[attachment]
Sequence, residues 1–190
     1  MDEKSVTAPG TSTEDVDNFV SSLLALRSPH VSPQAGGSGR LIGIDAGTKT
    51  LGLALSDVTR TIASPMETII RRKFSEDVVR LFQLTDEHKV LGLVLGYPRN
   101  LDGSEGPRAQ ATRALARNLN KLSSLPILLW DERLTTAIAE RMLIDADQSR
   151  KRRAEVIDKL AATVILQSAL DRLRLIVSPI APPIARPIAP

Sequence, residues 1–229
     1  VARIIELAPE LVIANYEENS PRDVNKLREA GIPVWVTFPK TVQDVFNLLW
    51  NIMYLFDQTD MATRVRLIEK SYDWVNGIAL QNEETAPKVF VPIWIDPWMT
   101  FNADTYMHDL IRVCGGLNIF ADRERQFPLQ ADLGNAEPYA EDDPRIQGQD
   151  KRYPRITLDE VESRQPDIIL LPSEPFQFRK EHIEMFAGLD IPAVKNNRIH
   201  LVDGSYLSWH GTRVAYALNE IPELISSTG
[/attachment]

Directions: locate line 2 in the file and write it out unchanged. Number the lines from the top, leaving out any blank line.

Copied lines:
     1  MDEKSVTAPG TSTEDVDNFV SSLLALRSPH VSPQAGGSGR LIGIDAGTKT